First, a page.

Hans Gatt was the first Yukon Quest International Sled Dog Race musher to reach the mid-way point of Dawson City. Hans arrived at 6:02 pm, Pacific Standard Time, with 13 happy dogs on the gang-line. Lance Mackey dawdled in about 8:49, followed by Hugh Neff at 9:04. Zach Steer probably isn't too far behind.
The teams all have a mandatory 36 hour lay-over in Dawson, and their starting differential is added to their layover time. Since the race starts with mushers leaving at 3 minute intervals, that means the last musher to leave Fairbanks will wait only 36 hours. Abbie West, the first musher to leave, will have an hour and 12 minutes (24 mushers times 3 minutes) added to her mandatory layover. When including the start differential, Hugh Neff is actually in second place in the race. Hans will be free to leave the day after tomorrow at 6:35 am, Hugh at 9:07 and Lance at 9:28.
At Dawson City, the mushers are free to leave their teams in the care of their handlers. Typically, the mushers get their dogs settled, and then find some place to catch some much-needed sleep. Through the course of the lay-over the dogs receive frequent walks on leash, massages, and whatever other care they may need. It is said that the handlers work in Dawson just as hard as their mushers work on the trail. Meanwhile, for race fans the lay-over generally means a pause in the action. Typically some of the 'back of the pack' mushers will just be arriving in Dawson as the front-runners are leaving.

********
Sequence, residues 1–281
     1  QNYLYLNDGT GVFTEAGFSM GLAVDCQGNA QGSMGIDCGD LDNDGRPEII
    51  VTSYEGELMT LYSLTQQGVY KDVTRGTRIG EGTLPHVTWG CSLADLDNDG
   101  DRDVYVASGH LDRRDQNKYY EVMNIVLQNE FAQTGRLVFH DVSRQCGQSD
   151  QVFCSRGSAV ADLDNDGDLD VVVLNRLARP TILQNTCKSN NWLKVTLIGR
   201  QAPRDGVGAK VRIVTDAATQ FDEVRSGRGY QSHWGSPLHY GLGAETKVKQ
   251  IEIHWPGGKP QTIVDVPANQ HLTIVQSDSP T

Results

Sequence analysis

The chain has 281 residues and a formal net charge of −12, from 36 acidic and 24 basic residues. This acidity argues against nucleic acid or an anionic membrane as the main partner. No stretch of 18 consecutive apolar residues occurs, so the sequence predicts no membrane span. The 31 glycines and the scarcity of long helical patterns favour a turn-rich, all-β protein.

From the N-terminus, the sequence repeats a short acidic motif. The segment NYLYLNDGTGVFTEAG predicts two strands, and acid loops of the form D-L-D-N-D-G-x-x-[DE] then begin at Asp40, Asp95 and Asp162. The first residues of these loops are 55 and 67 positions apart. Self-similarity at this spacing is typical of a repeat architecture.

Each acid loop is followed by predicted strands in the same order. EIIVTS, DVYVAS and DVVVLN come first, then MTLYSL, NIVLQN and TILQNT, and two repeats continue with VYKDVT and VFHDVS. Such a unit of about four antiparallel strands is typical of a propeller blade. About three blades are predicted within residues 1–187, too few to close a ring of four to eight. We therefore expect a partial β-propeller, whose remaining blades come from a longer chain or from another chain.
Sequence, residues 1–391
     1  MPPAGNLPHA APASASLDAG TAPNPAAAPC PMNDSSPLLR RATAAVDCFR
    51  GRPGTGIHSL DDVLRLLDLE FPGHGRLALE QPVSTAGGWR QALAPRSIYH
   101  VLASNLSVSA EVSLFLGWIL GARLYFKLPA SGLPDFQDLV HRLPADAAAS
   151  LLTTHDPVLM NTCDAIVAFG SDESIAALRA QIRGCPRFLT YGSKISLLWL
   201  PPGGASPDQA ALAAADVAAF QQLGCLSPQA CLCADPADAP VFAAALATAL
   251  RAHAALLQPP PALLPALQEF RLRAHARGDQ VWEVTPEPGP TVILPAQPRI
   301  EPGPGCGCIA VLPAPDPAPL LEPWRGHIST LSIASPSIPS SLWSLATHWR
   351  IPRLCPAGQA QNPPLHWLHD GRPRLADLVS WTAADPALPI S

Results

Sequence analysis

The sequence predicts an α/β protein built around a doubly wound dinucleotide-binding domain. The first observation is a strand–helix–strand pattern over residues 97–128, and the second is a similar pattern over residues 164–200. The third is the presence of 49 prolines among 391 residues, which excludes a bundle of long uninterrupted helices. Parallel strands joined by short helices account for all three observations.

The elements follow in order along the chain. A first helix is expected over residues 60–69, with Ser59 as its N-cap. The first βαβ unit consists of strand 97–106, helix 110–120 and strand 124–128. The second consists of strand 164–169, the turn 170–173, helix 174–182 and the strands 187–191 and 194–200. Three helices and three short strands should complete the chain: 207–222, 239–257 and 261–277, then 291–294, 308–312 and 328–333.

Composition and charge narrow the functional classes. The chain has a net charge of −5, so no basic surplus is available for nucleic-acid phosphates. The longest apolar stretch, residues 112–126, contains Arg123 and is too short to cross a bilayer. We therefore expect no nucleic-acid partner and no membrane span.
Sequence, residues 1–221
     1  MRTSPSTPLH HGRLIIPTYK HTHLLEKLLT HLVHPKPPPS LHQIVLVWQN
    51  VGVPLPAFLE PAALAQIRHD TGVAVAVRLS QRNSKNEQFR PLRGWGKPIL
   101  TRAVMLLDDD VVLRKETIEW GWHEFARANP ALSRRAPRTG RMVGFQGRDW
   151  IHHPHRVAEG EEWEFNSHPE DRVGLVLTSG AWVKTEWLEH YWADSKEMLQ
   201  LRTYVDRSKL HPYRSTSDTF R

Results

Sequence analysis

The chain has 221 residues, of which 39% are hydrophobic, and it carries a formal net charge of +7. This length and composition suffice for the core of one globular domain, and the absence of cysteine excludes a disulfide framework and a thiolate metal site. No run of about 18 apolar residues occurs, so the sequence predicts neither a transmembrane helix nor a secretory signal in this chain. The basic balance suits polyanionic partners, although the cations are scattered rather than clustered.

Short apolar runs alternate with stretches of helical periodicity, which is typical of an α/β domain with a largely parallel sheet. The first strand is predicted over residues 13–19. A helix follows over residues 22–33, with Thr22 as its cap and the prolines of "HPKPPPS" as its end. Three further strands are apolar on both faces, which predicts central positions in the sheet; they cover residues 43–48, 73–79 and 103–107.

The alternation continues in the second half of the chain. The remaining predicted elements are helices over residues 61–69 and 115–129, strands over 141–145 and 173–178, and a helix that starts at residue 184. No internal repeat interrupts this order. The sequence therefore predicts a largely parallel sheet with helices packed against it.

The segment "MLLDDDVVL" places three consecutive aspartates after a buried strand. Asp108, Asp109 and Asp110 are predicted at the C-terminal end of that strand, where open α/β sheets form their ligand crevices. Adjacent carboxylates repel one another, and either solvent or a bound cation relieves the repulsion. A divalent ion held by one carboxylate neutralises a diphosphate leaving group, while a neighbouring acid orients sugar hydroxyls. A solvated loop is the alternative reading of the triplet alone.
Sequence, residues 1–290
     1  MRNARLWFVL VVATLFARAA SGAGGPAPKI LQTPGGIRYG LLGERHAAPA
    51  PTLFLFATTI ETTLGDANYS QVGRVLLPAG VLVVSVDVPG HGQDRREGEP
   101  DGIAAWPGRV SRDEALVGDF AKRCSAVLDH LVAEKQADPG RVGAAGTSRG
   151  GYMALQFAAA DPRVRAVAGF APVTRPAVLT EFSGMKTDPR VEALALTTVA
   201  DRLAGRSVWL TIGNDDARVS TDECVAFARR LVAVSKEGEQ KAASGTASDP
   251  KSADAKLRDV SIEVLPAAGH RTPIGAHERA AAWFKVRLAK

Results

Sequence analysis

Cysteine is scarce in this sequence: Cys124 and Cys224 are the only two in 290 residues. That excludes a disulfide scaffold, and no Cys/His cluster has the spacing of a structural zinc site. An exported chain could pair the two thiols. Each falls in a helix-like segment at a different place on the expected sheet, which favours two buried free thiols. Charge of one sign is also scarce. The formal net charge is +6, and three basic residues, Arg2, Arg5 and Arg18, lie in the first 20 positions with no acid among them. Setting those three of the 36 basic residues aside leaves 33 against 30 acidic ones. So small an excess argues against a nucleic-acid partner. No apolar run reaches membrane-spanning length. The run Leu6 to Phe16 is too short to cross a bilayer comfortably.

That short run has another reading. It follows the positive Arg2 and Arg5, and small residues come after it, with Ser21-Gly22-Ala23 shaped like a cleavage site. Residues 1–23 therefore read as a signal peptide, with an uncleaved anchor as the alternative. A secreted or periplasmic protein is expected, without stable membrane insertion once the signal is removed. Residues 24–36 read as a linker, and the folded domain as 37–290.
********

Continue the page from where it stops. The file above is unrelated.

Any musher arriving within 12 hours of the first team has a realistic chance of winning, and long-distance mushers frequently say that in the Quest, the race really begins in Dawson. If we continue the "chess" analogy I started a few days ago, the 'early game' is over, and the 'mid-game' has begun. This is the part of the game where pieces start falling in rapid succession. It's the part of the game where the mushers have to use everything they know to keep their teams healthy and fast, and need to take advantage of every possible opportunity to gain an edge over their competitors.
As in chess, the end game may be a simple continuation of the middle-game, or it may be more clearly defined. I think we will know which will be the case in this race when the leading group of mushers reaches the checkpoint at Carmacks. Last year's Quest was won and lost on the trail between Central and Fairbanks, the last 150 miles.
In an article in this morning's edition of the Fairbanks Daily News-Miner, Hugh Neff was quoted as saying that even with such a close pack, he doesn’t expect anyone to gain an edge through mind games or trickery. “We’re always teasing each other, but I think those days of mushers trying to mess with each other are out the door because we all know each other so well,” Neff said.
Maybe that's what Jeff King thought before Lance sneaked out of a checkpoint while Jeff slept. If I remember correctly, that bit of "messing" allowed Mackey to take the lead and win the Iditarod the year before last. None of these leading teams is appreciably faster than the others, and all are on pace to do some more record breaking runs. Their strategy may be to "make haste slowly", but they will indeed make haste.